When Does A Husky Stop Being A Puppy?

Last Updated on January 25, 2022 by Marco

As cute as they are, puppies are a handful. You may find yourself wondering, when does a Husky stop being a puppy?

Read on to find out.

Husky Age Range

Huskies have a lifespan of 12 to 14 years if cared for properly.

Husky: Puppy

Newborn To Two Weeks Old

From birth to the age of one year, dogs are considered puppies.

Newborn pups spend most of the time sleeping, nestled up with their mother and littermates for warmth and comfort.

Puppies are born with their excellent sense of smell already developed. They cannot see, however, and their ears are folded. But by the time they are two weeks old, their eyes and ears are open.

Newborn To Two Weeks Old

Learn more about: How Many Puppies Does A Husky Have The First Time?

Two To Four Months Old

During puppyhood, dogs go through rapid physical and mental growth. Between the ages of two to four months, puppies will start showing true dog behavior in the form of barking, growling, biting, and wagging their tails.

During the first three months of their life, a puppy will gradually stop being so dependent on their mother, play-fight with their siblings, and start to explore the outside world. As their strength and coordination grow, puppies will enjoy games of chase, wrestling, dominance, and tug-of-war.

Ideally, puppies will be socialized with people when they are eight to 12 weeks of age. 

Given that most people bring their pups home from the breeder at the age of eight weeks, it is the ideal time to take them out and about, and expose them to lots of different people, places, and animals. This is so that they do not become fearful or aggressive in these situations.

The American Kennel Club says that a pup should have met 100 people by the time they are 12 weeks of age.

Husky: One Year Old

By this age, your Husky will be fully grown in terms of height.

A fully grown female Husky will be 20 to 22 inches tall (at the shoulder); her male counterpart will measure 21 to 23.5 inches.

It will take another six months for them to ‘fill out’, and attain their adult weight. Females will weigh 35 to 50 pounds; males will weigh 45 to 60 pounds.

By this age, your Husky will be very strong physically; hopefully, you have already commenced leash training and/or walking in a harness by his stage so that going for a daily walk or jog is pleasurable for you both.

Husky: Adult 

Your Husky will be mentally mature anywhere from 12 to 36 months old.

Mentally mature dogs are more focused, more obedient, and less erratic. 

The larger the dog, the longer this can take (as a general rule of thumb.)

Adult dogs are aware of the pack order in their household and look to you for leadership. They know that you are the ‘top dog’, and they will obey you if they consider you to be a worthy pack leader. 

Research has shown that dogs are far better at understanding us than we understand them. The same research postulates that dogs prefer human company over that of other dogs, and that their main goal in life (other than eating food, that is!) is to understand you and what you ask of them.

So bear that in mind when your dog reaches adulthood. They want to work with you. So meet them halfway by giving them clear communication about what is and is not acceptable behavior.

To that end, confident, firm, and consistent handling and training are essential with any dog, and Huskies are no exception.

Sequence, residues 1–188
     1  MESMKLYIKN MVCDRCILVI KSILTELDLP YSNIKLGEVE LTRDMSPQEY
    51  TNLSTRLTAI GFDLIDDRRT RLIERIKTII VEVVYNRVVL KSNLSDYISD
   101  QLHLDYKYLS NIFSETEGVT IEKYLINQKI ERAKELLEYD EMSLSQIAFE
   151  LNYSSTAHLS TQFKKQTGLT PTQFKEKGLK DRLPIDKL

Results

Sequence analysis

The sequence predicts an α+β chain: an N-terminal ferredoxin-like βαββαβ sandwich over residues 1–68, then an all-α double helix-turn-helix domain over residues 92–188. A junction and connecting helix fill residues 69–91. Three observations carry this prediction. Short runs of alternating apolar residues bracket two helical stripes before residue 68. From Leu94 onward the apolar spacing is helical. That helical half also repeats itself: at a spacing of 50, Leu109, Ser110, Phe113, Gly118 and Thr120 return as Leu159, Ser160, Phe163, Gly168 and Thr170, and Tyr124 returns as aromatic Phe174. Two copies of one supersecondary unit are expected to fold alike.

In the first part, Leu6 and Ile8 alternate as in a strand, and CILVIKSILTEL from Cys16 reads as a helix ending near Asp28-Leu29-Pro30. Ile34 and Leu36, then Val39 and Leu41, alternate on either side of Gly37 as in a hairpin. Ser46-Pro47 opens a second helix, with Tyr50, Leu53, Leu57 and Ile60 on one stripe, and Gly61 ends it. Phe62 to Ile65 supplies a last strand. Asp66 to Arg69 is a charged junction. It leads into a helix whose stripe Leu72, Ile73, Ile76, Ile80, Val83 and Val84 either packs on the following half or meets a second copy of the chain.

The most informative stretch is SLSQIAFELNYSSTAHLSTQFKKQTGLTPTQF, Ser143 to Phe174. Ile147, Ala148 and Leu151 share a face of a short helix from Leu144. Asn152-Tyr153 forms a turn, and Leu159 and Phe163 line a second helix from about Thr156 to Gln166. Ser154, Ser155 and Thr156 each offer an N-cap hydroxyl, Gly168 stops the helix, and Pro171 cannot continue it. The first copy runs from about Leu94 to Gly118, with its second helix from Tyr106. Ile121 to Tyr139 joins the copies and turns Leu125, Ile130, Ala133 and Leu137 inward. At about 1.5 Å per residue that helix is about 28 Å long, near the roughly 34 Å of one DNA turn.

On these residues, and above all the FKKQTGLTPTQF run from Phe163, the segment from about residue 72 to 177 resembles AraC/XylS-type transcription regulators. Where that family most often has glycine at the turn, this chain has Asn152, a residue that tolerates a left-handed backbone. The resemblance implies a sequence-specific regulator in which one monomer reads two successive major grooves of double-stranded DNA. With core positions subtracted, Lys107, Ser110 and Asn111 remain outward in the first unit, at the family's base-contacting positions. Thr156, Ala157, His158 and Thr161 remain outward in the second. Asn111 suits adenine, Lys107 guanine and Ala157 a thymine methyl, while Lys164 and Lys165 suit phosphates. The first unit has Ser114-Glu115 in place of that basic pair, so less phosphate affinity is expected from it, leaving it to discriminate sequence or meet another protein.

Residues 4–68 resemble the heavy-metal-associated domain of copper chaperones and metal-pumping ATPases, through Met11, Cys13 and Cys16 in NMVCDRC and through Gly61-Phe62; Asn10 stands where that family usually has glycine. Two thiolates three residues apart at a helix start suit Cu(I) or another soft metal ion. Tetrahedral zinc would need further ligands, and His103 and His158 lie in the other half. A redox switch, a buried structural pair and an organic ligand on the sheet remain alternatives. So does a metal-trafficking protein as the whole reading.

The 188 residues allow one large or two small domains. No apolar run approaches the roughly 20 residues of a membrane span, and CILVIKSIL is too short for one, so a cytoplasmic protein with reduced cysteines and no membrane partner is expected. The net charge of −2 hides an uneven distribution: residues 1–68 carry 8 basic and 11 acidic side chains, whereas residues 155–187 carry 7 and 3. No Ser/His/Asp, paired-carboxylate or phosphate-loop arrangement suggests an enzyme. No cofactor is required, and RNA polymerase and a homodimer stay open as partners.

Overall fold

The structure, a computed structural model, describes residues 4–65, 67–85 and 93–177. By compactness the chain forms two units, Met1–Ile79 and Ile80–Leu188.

Husky: Senior

By the time your Husky reaches 7 years of age, they will be considered a senior dog.

Senior dogs slow down a great deal physically, and they will not have the energy or exercise needs they once did.

You will notice that your senior dog sleeps a great deal during the day too. Do not worry, this is normal. 

The Maturing Husky

Puppies are hard work. They chew on everything, cry in the night, and sometimes go to the toilet where they shouldn’t.

As cute as they are, it is also helpful to know that there is an end in sight to all of this fluffy mayhem. 

After all, if puppies carried on like that for the term of their lifespan, you would probably want to take them back to the breeder from whom you got them!

Thankfully, your Husky will start to calm down by the time they are 12 months old.

And you can start to train them to be calm from 6 months onwards.

start to train them to be calm from 6 months onwards

Having said that, when we say calm, we mean it as a relative term. Huskies are high-energy dogs that will always be vigorous exercise and lots of mental stimulation to keep them happy.

The difference between a pup and an adult dog, with regard to behaving in a calm manner, is that the older dog has the maturity to learn how to act in this manner.

And never forget that the best thing you can give your dog (other than food, water, and shelter) is your time and firm yet kind attention. If you do that, you will have a loyal friend for life.

In Conclusion: When Does A Husky Stop Being A Puppy?

A Husky (or any other dog, for that matter), ceases to be considered a ‘puppy’ once they turn 12 months old.

By this stage, they will have done all of their growth in terms of height.

It will take a further six months for them to ‘fill out’, weight-wise.

It can take up to two years for your dog to mature mentally. You can help them with this by socializing them early on, commencing obedience training, and by offering them plenty of vigorous physical stimulation (exercise), and mental stimulation (toys and games, etc.)

And take heart. The crazy puppy phase will not last forever! Just enjoy the crazy cuteness while you can.

By the time your Husky is all grown up, he or she will be physically and mentally ready to work alongside you to achieve your goals, whether they be obedience-oriented, or sports-focused goals.

Read more about: When Do Female Huskies Stop Growing?